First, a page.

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This post isn’t about the propriety of the death penalty so much as it is about the dangers and profound crassness of utilitarian philosophy.  Peter Singer has stated that if he was convinced of a utilitarian benefit to society from the death penalty, he would support it.  From “Ethics Matter: A Conversation With Peter Singer:”

QUESTION: Is there any possible scenario that you could imagine sanctioning the death  penalty?

PETER SINGER: Is there any possible scenario where I could imagine? Look,  if somebody came up with convincing evidence that the death penalty was a uniquely  effective deterrent—let’s say that for every murderer who was executed,  there would be ten fewer murders—then, as a utilitarian, I would have to  accept the death penalty. In fact, if the evidence was clear-cut enough and  sound enough, even if it was only for every person executed, there were two  fewer murderers or one and a half fewer murderers, I guess I would accept it. But as I read it, there just isn’t any such evidence. The evidence, if anything,  seems to suggest the other way. Certainly, in the United States, the states  that do not have the death penalty have lower murder rates than the states that  do have the death penalty. The whole of the European Union, none of those states  have the death penalty; they all have lower murder rates than the United States.  So the evidence seems to me to be contrary to what I was suggesting.

And, certainly, I don’t see other justifications for the death penalty. I don’t  see the point of punishment as being retribution. I think that is something  that is—well, to my mind it’s a little primitive really, the idea that  somehow you take retribution by taking a life for a life. You can see why, in  earlier societies, that was a way of responding to crime. But I would think  that we understand a little bit more about the causes of crime, and understand  a little bit more about what is really likely to be the best way to respond  to it, in terms of having a moral, compassionate, and humane society. The death  penalty doesn’t seem to be it.

QUESTIONER: What about genocide?

PETER SINGER: I don’t really see that genocide is any different in that  sense. Certainly, you may want to lock people away who are guilty of those horrible  crimes, but I don’t really see a need to put them to death. Again, in Europe we have, of course, now trials relating to genocide in former  Yugoslavia. But those people are not being put to death when convicted of those  crimes. Nobody there is really clamoring for blood for the blood that has been  shed.

May want to lock people away???

Looking at the death penalty in such a removed manner comes from shedding human exceptionalism.  Singer talks about a moral and compassionate society, but bases his views on the DP by applying cold utilitarian outcomes.  And it strikes me that if one would say OKAY to the death penalty if two fewer murders resulted per execution—and I think some studies have actually shown a deterrent value—then what else should we judge in this way? I mean, if that is our focus, why not kill convicted murderers for their organs since that will save more lives of the innocent than it takes from the guilty? And what if “retribution” actually made the lives of the devastated loved ones more bearable, worth living, and fulfilling with the execution, but would leave them with never-ending emotional devastation without it—as sometimes happens—what then?  Based on a pure utilitarian calculation, it could justify execution.  Indeed, with regard to utilitarianism, “primitive”  and “compassion” are irrelevant.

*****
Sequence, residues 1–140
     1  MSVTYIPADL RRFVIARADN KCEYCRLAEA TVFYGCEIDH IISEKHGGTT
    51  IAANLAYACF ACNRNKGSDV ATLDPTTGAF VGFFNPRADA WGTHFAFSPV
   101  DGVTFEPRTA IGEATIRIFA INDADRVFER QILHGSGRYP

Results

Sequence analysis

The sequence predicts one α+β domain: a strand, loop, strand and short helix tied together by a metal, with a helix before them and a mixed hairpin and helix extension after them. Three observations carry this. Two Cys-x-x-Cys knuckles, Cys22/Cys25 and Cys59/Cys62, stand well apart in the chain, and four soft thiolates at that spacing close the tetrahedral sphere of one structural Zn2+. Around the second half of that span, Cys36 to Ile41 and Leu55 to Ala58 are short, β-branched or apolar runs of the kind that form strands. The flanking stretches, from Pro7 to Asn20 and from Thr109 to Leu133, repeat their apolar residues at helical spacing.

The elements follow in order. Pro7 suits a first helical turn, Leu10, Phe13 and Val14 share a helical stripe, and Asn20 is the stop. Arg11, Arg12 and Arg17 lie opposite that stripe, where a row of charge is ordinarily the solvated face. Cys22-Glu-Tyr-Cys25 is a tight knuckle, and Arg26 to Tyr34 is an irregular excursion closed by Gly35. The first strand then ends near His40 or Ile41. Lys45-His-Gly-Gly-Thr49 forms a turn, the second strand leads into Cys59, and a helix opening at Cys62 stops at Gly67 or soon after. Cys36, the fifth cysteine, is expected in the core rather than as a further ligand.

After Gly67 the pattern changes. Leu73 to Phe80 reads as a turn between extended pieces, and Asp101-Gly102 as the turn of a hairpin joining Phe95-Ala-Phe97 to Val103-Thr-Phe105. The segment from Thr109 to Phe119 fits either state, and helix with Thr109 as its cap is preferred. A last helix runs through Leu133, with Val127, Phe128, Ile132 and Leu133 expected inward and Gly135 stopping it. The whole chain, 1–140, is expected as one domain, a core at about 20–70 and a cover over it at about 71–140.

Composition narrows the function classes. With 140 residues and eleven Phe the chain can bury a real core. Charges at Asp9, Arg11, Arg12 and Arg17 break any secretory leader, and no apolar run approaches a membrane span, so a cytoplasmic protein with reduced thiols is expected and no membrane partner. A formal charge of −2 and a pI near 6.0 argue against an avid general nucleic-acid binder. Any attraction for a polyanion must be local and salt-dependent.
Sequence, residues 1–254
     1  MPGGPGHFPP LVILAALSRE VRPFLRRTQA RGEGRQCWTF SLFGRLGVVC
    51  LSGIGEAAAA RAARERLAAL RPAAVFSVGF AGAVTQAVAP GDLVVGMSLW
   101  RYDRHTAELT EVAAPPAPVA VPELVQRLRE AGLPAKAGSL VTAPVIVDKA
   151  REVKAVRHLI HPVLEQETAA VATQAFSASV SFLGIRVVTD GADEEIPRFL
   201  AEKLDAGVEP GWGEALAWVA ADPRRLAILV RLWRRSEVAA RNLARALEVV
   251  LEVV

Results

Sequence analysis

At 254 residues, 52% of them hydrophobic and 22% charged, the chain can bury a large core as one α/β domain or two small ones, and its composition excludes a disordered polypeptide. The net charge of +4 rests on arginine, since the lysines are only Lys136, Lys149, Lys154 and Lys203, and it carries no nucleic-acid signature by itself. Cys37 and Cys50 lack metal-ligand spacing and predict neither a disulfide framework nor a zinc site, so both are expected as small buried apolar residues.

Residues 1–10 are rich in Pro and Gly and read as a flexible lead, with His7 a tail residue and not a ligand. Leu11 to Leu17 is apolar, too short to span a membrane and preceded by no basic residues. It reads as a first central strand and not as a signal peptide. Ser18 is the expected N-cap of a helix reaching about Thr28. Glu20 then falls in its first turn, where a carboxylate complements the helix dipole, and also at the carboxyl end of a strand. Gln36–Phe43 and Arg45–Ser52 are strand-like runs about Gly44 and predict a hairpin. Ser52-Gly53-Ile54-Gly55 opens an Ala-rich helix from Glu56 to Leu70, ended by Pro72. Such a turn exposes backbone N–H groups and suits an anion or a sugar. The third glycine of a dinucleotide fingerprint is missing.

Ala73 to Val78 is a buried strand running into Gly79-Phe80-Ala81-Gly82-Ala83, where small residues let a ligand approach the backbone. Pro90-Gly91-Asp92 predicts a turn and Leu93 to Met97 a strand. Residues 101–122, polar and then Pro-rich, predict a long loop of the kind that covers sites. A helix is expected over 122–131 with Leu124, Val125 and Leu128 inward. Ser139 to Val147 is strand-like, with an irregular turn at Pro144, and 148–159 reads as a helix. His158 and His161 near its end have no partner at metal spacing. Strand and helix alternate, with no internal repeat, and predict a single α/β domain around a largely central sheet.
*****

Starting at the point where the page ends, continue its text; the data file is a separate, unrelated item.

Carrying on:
Compare Singer’s views—which theoretically could boil down to 1.00000001 fewer murders for one application of the death penalty—to that of the focused and impressive death penalty opponent, Sr. Helen Prejean, of Dead Man Walking fame.  I watched her give a rousing speech last month when we appeared at the same event, in which she cried out, “What about the [human] dignity of the guilty?”  It was a powerful question, one which I am still pondering.  And she certainly never argues as if the suffering of the victims’ loved ones doesn’t matter, a crucial matter in this issue that Singer didn’t mention directly in his answer. To the contrary, in fact.  The victims are as much a part of her ministry as the guilty.

Mere incarceration for genocide isn’t justice.  Nor for the rape/murder of a child, so let’s not pretend that it is.  This doesn’t mean we should have a death penalty, of course, but I think the focus of the arguments over this controversial issue should be about how to best value the importance of human life in the criminal justice context—I think both sides have valid arguments on that score—to which should also be added (and this isn’t a complete list) the place for mercy in such cases, the emotional benefits of retribution to the victims and society, the dangers of unleashing blood lust vengence if the state doesn’t adequately punish, yes, deterrent value, if any, and the risks of executing an innocent person.

But cold blooded utilitarian bean counting as the apparent sole criterion?  No. That’s not only crass, but I think it denigrates the fundamental import of human life, human death, and the human craving for justice after suffering catastrophic harm.

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